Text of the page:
Monday, 16 June 2014

Saturday 7th June - Our first NFWI Annual Meeting

On a soggy Saturday in June, the NFWI circus finally rolled into our very own fair city of Leeds. Yes, it was Annual Meeting time! And we were very excited because the Leeds venue meant that we had to attend really, it would have been rude not to...

The weather did let us down quite badly though; the city centre was so rain-lashed that I sort of aquaplaned more than walked across town on my way to the Leeds Arena. We didn't dry out till we got home, and so we sat there in the auditorium gently steaming off as we listened to the speakers. But never mind, I hope the thousands of WI visitors to Leeds for the day could see past the grim weather and enjoy the day and surroundings.

It was our first opportunity to participate in the biggest day on the NFWI calendar, and in some ways it wasn't what we were expecting, in a good way. There is a certain amount of formal business to get through (the presentation of reports, the debate on the resolution and voting etc) but really, the formal items on the agenda moved along quickly enough. The debate on the organ donation resolution was interesting and actually quite moving. There were many WI members who took the floor to contribute their own personal experiences with the issue of organ donation - those who had lost loved ones who then became donors, and those whose loved ones had benefited from organ donation. Of course, we had previously had our own discussions about the resolution at our meetings, but it's amazing how different the issues can look when the debate is thrown open and you hear the input of so many different members from completely different perspectives. The resolution was passed, so the NFWI has its latest campaign to add to the cannon.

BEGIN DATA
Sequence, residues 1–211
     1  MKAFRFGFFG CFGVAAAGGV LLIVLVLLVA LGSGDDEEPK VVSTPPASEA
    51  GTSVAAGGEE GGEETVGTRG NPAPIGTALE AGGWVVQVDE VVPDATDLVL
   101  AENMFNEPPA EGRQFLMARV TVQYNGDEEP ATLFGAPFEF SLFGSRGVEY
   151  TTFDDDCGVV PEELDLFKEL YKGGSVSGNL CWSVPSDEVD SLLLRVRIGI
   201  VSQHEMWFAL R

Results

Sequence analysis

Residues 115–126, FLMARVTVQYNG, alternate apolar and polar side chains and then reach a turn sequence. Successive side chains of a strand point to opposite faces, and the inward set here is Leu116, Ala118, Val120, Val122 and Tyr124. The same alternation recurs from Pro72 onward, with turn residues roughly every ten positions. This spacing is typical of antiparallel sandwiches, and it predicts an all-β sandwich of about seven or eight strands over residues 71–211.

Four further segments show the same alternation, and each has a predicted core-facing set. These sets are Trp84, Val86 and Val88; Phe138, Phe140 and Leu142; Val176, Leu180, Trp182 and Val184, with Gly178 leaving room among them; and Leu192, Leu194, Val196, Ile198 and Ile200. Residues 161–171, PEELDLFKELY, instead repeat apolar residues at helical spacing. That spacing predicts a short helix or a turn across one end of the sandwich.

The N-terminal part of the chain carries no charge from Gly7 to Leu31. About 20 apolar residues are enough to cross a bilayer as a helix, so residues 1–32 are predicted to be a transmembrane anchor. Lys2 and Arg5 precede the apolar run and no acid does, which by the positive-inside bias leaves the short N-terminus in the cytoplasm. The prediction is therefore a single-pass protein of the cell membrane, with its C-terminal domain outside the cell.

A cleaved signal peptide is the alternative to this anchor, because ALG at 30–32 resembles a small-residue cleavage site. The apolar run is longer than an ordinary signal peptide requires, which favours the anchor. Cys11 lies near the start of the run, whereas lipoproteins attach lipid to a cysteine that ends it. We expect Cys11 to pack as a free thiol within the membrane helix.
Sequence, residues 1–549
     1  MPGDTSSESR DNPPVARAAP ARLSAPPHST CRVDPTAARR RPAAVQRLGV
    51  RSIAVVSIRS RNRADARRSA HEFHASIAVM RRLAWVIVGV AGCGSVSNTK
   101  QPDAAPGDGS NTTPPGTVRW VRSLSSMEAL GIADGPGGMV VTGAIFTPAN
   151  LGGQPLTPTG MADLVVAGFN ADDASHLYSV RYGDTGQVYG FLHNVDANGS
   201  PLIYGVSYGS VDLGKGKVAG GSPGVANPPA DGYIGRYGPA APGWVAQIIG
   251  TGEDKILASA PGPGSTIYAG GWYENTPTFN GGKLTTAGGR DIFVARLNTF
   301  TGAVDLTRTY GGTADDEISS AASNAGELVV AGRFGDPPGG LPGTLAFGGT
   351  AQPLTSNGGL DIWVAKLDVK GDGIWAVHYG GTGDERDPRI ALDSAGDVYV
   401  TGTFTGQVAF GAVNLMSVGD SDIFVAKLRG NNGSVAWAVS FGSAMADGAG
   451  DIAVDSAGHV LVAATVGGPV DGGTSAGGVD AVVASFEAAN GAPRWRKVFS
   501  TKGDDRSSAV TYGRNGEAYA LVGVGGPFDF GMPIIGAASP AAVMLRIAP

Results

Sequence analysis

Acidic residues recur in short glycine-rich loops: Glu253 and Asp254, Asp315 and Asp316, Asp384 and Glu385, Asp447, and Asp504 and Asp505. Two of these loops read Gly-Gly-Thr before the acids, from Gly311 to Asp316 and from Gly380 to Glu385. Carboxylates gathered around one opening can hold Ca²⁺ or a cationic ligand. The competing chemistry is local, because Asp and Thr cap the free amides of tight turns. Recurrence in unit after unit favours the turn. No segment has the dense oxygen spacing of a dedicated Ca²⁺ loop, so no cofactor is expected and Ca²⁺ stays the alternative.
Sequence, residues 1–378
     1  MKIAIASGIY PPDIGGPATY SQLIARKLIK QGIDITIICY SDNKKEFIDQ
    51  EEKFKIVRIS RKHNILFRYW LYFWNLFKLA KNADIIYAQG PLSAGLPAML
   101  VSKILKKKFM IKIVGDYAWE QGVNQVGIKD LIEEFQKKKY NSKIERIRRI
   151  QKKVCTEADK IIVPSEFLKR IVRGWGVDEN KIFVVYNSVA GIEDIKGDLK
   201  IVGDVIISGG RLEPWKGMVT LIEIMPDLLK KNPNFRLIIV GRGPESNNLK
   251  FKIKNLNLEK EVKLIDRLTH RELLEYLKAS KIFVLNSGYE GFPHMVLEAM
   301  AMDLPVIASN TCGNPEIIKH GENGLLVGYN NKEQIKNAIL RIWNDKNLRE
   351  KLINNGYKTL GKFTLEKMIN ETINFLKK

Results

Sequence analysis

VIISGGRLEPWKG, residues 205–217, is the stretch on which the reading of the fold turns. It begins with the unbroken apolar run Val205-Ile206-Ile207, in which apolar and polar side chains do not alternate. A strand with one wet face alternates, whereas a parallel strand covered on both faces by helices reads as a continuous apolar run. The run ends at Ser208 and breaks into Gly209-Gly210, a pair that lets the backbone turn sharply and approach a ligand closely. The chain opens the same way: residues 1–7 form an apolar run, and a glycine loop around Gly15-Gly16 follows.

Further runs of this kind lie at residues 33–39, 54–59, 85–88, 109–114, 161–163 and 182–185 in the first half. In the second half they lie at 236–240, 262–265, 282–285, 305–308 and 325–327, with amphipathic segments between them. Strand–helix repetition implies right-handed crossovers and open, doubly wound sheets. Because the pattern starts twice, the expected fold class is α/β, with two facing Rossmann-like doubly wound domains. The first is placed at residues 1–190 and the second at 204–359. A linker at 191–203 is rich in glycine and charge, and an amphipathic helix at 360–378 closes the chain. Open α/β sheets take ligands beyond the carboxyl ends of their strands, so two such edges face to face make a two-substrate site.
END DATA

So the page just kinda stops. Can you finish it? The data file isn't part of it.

The speakers on the day were excellent. A special mention must be given to the first speaker of the day, Sir Andrew Motion, the poet (Poet Laureate from 1999 - 2009), novelist and biographer. Sir Andrew - or Andy as we were calling him by the end of the day - spoke about various strands of his life and their influence on his work. He spoke about the teacher who first switched him on to poetry, some beloved poems from his youth (Larkin, Hardy), the childhood love of the countryside that has never left him and latter day travels to the Mongolian wilderness. That might all seem quite disparate, but the themes of his talk came together in a very profound and effective way, and nicely underlined the last segment of his talk on his Presidency of the Campaign to Protect Rural England. We were all rapt throughout. Sir Andrew has a very soft, slow style of delivery and pauses often, but somehow you find yourself completely absorbed in his words. So, it would be fair to say that we'd already fallen under his spell before Debbie, our President, later spotted him standing alone outside the venue waiting to leave, as we returned from our Fuji Hiro lunch. Never shy about coming forward, Debbie pounced and we had our photo opportunity with Sir Andy - and as luck would have it, we even nabbed the official event photographer who was nearby!

Andrew Motion being mobbed by a small group of Darling Roses
So, we were officially fans (/ stalkers) after our meeting, and after such a stirring speech on the importance of protecting our beautiful countryside we'd like to lend our support to the Campaign to Protect Rural England. Please read more about their work at CPRE and, even better, you can quickly provide tangible support by signing the Campaign's charter to save our countryside here.